The Diets of Poets, Six Egyptian Writers You Should Know, and More

Evan Smith Rakoff

Every day Poets & Writers Magazine scans the headlines—from publishing reports to academic announcements to literary dispatches—for all the news that creative writers need to know. Here are today's stories:

Today's Guardian Books podcast examines gay writers, the gay and lesbian literary canon, how books can change the world, and reading as an expression of sexuality.

Andrew McConnell Stott plumbs the diets of poets and describes one of the greatest dinner parties in the history of literature. (Lapham's Quarterly)

The summer book club Tell Me More, a radio show hosted by Michel Martin, will discuss books that delve into the mixed-race experience in America. Today Michel speaks to Danzy Senna, author of the short-story collection, You Are Free. (National Public Radio) reports physical bookstores are frustrated with J. K. Rowling's Pottermore, a website through which the author will directly sell Harry Potter e-books.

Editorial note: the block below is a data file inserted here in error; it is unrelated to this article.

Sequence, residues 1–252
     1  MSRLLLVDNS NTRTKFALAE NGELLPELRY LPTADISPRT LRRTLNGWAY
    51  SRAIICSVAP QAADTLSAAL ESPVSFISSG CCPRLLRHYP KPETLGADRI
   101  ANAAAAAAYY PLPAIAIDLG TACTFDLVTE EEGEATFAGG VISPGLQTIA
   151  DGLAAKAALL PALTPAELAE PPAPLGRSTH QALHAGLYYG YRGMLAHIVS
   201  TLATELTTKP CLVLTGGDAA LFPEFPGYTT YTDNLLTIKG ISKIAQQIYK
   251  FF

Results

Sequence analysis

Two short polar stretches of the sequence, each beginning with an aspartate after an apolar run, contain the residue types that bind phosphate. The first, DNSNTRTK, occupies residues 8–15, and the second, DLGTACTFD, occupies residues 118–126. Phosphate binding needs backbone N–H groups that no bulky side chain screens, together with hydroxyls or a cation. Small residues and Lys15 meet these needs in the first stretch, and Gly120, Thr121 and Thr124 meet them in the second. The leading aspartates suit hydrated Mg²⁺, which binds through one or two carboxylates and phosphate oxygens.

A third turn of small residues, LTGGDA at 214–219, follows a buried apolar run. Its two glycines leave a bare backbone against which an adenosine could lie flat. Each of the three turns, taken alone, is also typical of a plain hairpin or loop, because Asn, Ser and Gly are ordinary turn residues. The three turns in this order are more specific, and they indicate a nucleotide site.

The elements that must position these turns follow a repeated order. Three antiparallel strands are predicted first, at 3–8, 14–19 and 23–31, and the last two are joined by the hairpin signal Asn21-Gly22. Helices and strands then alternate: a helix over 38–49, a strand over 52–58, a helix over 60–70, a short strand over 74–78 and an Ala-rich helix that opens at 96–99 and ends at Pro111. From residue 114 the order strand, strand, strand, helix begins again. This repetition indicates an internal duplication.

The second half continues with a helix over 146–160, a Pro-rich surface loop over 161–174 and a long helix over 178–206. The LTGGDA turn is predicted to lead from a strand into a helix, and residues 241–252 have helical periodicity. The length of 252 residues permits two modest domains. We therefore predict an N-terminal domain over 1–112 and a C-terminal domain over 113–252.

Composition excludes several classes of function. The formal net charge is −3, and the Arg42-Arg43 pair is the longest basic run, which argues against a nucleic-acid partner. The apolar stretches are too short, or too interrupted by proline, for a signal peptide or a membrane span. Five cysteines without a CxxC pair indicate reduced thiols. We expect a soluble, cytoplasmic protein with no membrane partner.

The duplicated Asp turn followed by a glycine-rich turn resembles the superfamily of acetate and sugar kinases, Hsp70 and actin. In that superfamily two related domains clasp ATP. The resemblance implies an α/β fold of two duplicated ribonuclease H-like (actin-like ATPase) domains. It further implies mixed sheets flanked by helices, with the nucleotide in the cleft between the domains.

Jane Ciabattari speaks with Kate Christensen's about her latest novel, The Astral. (The Daily Beast)

Broke-Ass Stuart, a travel writer who started out publishing zines and landed a book deal with the help of Craigslist, has a television show. (Wired)

Many authors, scientists and avid readers make notes in the margins of favorite books in their collection. Charles Darwin was no exception. Over three hundred books from his personal library have been scanned and made available online, marginalia included. (Open Culture)

Pauls Toutonghi offers the names of six Egyptian writers you should know but probably don't. (The Millions)